Oct 31

Have you recently experienced someone acting completely out of line or losing control over themselves?

In Psychiatry, patterns of repetitive behavior during childhood and adolescence where the social norms or boundaries of others are violated are called ‘conduct disorder‘. I am not a particular fan of this term as it reminds me a bit of authoritarian teachers and governments. But what it actually describes if being used by psychiatrists and therapists, is a symptom range of over-aggressive behavior, bullying, lying, cruel behavior toward people and pets, destructive behavior, vandalism and stealing, that should give you an idea of what it actually means.

Often, affected children come from a difficult family background with abusive, aggressive or addicted parents. If the underlying problems aren’t resolved, these children might develop more serious personality disorders as adults: particularly antisocial personality disorder, bipolar disorders or psychopathy . All of these increase the risk to cause or experience physical injuries, to suffer from depression, addiction, incarceration or even homicide and suicide, as they often intimidate others or initiate physical fights.

Antisocial persons don’t feel much of an inhibition to use weapons, and they have a tendency to deceit, con, steal or destroy property. While their behavior might seem confident and decisive at the outside, they can in fact feel very alone, anxious and hopeless, which often leads to alcohol abuse, depression or other problems.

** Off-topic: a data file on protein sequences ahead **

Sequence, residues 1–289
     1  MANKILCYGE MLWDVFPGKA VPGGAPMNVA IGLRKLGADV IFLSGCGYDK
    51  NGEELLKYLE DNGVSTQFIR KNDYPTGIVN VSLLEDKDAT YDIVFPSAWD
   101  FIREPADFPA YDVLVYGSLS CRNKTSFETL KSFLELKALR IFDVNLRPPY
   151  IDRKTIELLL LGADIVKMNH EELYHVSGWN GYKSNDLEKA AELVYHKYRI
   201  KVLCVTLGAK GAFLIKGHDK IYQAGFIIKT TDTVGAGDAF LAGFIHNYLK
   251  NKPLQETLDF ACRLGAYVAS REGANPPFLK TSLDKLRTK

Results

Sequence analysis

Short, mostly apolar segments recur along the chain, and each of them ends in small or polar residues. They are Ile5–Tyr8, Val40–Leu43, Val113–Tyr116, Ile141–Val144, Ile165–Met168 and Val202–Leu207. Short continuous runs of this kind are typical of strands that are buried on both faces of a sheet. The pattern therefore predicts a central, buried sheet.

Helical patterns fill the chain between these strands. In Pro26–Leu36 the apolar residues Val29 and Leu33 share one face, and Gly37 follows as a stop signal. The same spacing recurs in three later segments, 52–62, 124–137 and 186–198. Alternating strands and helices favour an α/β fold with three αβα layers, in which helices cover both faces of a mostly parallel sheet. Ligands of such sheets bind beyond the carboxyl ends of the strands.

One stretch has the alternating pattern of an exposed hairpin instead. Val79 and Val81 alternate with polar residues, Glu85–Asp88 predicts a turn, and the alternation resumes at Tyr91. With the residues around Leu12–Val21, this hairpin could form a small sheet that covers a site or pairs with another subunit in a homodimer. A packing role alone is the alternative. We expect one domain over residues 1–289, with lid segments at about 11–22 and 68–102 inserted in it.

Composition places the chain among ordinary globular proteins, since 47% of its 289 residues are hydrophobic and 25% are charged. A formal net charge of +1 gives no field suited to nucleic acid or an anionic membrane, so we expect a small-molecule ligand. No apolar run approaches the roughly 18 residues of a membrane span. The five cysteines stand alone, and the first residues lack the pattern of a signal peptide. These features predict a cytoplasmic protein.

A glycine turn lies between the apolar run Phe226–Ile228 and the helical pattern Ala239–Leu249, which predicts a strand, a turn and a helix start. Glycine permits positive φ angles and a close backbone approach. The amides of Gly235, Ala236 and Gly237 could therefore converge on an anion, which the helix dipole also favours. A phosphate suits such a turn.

One cause of the aggressive behavior of antisocial persons can be that they developed a ‘proactive’ but in fact mostly inappropriate, extreme form of self protection or need it as a valve to get rid of the emotional tensions they feel, not only inside themselves but also towards others. Unfortunately, in the case of psychopathic personality traits, this particular kind of relief is often combined with a lack of empathy and sympathetic concern for others, which reduces the hurdles to impose emotional or physical force on others. Thus, it is usually a good idea to avoid any open conflict with such aggressors. They would be unable to empathize with their victim or keep the conflict on a verbal level, let alone resolve it in a constructive manner. The best approach is usually to let them cool off and give them space and to give it another try at another day.

(This short article is part of a weekly series dealing with psychological expat problems and general mental health issues and was published in various newspapers and magazines in Thailand, 2011; picture credit:www.corrupt.org)

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Thoughts on “Antisocial personality disorder – what is it, really?” (2):

  1. Comment by Zee:

    Hello. I have just discovered your blog this mnnoirg (it’s 8:30 a.m. on my side of the pond!) and I’m exploring the site with great interest. I love your work. Very thoughtful and powerful.This particular one really caught my eye. You are quite right about anti-social types not necessarily being criminals. I worked for one for a while and he wreaks havoc in the lives of the people around him who are not powerful or moneyed. (He is quite capable of being utterly charming toward those who are wealthy or have some sort of useful authority in society.)Thank you for all your very informative and responsible work.I assure you, I’ll be back!

  2. Comment by PamelaParker:

    Healing is possible when you have bipolar disorder, no matter how long you have had it. I have found that baby steps are what keeps us going. Try to think of it like with each bite of healing food and with each supplement you take, you are that much closer to recovery.

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